The basic idea for this project is to program a score tracking feature into a hula hoop and use LEDs to communicate to the user how many revolutions they have completed so they don’t have to stop and check their score.
The Building Process
- Soldering Iron
- Hot glue gun
- Wire stripper
- Wire snips
Measured the length of the tube and decided to use 40 LEDs alternating in groups of three and one.
The next step was to spend most of a day soldering all the LEDs back together in a long strand and testing them periodically to make sure all the lights work. After soldering the wires onto the pads, I coated all the of the contact points with hot glue to make the string more durable and help prevent shorting out the system.
A common challenge with physical computing projects is figuring out how to power them. I had a 5V power bank so I took it apart and found out that it happened to fit perfectly into the tube. I liked that this power bank has a on/off button built in, which allows it to function as a power switch for the whole project.
Cutting some notches out of the end of the tube set the components more securely.
In order to get the micro-controller to fit in the tube, I decided not to solder header pins onto it, and instead soldered the three wires from the sensor and the three wires to the LED strip directly to the board.
wires from sensor to board
wires from board to LED strip
Because the tube is translucent, the sensor wasn’t triggering the score function in bright sunlight, so I took a piece of heat shrink tubing and cut a small piece to limit the field of light hitting the sensor. This worked quite well. The company I got the tubing from included a short piece of smaller diameter tube that fits snugly inside the hoop to give a hula hoop some structural stability, so I used this piece to house my sensor.
Then, I folded up the short USB/micro cord I had inside behind the sensor breakout board so that when the hoop is completed, the USB plugs into the battery pack. This layout also makes it easy to open it up and reprogram the pro micro.
The final step was to create an enclosure using the moldable plastic to create a sort of cage to keep the two ends of the tube together. Additionally, I made some counter weights to help balance out the weight of the battery and the electronics so the hoop rotates more evenly.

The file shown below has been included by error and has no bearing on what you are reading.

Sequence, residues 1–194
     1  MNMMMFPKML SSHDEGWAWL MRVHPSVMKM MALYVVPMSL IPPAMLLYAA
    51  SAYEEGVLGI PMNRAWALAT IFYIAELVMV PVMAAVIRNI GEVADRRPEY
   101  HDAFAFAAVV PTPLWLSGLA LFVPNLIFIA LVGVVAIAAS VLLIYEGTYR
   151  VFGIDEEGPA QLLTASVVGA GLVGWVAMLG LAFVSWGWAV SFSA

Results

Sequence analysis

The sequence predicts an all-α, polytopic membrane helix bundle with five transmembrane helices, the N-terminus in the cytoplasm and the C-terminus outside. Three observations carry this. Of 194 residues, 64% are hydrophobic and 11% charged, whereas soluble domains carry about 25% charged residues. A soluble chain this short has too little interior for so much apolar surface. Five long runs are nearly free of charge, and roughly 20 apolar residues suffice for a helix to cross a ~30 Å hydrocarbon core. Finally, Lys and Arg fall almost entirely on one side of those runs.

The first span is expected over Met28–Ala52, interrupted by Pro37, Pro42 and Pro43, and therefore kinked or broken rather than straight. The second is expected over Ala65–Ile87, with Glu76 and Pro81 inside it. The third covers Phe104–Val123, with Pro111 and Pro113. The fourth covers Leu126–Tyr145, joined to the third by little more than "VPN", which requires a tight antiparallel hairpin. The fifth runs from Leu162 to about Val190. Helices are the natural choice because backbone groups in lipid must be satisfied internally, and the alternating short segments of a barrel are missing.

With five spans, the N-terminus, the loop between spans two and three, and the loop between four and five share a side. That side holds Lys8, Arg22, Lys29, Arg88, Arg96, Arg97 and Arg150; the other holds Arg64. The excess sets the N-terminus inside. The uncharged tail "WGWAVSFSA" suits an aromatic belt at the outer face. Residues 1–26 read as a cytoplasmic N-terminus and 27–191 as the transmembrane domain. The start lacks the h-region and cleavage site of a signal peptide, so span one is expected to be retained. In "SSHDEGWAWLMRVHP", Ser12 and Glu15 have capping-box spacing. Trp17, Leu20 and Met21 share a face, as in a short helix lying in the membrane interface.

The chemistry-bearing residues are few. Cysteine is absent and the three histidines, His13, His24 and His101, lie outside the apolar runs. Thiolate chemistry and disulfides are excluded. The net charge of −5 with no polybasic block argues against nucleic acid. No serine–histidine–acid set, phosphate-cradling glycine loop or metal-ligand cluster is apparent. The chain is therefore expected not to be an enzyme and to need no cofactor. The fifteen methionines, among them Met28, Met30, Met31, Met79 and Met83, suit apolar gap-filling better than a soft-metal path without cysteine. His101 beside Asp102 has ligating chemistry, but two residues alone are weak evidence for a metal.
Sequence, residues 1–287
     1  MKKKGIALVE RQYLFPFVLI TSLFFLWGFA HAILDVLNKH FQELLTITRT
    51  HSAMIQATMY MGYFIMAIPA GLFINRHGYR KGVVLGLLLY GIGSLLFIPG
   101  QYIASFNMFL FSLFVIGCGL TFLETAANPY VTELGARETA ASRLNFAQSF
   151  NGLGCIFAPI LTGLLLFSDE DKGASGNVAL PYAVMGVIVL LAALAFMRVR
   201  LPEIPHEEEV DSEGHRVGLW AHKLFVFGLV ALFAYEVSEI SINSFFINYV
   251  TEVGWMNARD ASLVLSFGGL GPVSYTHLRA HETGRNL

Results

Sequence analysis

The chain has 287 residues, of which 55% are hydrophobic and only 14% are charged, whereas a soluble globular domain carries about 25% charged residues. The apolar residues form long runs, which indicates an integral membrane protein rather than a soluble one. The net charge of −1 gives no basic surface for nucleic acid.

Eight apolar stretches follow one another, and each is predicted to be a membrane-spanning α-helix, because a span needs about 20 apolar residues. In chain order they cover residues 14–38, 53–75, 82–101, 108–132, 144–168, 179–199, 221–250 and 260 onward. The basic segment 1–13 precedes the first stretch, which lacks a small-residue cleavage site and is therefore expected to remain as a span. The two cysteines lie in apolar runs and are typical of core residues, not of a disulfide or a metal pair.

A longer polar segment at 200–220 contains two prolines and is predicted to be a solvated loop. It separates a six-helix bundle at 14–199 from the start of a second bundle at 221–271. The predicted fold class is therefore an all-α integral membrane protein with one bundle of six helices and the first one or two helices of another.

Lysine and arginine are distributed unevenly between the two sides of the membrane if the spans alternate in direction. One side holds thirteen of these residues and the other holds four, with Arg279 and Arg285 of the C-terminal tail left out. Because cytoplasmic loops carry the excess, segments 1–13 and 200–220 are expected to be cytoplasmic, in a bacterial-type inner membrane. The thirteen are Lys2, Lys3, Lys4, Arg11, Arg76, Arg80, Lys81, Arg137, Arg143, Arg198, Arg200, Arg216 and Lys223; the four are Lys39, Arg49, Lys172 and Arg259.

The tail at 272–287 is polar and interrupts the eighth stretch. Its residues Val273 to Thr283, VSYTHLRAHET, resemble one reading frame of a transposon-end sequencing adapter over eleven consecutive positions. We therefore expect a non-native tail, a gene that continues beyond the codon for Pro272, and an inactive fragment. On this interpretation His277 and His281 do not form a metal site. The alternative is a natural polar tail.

Writing the code for this project, I came up against way more obstacles than I would have expected. The concept is pretty simple: if the light sensor level reads below 5, then the “score’ increases by one. I originally wanted there to be nine “levels” that would trigger different light animations so the user would know when they hit a certain number of rotations.
Unfortunately, the program got glitchy after counting to 30, and the pro micro didn’t seem to be able to handle 9 different animations from the ALA library, so I had to limit the counting to a score of 20 and automatically reset to 0 at that point, and limit the number animations to three. If the score is less than 5, then glowing blue, between 5-10 a glowing red, and between 10-20 bright flashing red and yellow.
Link to gist
What I Learned
Embedding electronics into an odd shaped enclosure is an interesting experience. I ended up having to tie a metal screw to the end of a piece of string and then pull it through the tube using a magnet so I could then use the string to pull the string of lights into the tube.
Also, it turns out that using a light sensor is perhaps not the best choice because it only works if the is a significant amount of ambient light, and the best environments for a light up hula hoop are lower light situations.
Here is a short video of it working, but it is a little hard to see the LEDs in the daylight:
Finally, I really like working with the ALA Library, but found that it has some limitations if your using a board with limited memory.
I would like to experiment with some different sensors, accelerometer, pressure sensor, and maybe just a button to see if any of these work better for lower light conditions where LEDs show up better.
It would also be fun to get a radio chip and play with using the hula hoop as a controller interface for a separate installation.
For example, perhaps the faster a user spins the hula hoop, the faster a toy hula girl dances, using some motors to make the doll move in matched speed.